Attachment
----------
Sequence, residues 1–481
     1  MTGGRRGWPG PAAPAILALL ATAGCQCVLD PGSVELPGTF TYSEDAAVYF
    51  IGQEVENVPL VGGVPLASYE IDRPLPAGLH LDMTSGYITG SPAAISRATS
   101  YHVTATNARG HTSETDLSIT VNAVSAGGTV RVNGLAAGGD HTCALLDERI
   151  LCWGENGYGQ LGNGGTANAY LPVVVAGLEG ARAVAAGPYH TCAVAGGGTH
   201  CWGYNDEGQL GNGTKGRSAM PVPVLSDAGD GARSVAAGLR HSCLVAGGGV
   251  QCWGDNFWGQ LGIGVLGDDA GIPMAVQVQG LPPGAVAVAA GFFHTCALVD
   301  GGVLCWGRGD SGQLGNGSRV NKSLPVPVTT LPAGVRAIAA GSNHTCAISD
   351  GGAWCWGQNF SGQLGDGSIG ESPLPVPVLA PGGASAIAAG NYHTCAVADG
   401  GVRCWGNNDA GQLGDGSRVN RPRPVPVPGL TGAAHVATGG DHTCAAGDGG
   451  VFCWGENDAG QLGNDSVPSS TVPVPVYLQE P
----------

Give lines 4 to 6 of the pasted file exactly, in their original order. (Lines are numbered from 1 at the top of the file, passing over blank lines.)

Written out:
   101  YHVTATNARG HTSETDLSIT VNAVSAGGTV RVNGLAAGGD HTCALLDERI
   151  LCWGENGYGQ LGNGGTANAY LPVVVAGLEG ARAVAAGPYH TCAVAGGGTH
   201  CWGYNDEGQL GNGTKGRSAM PVPVLSDAGD GARSVAAGLR HSCLVAGGGV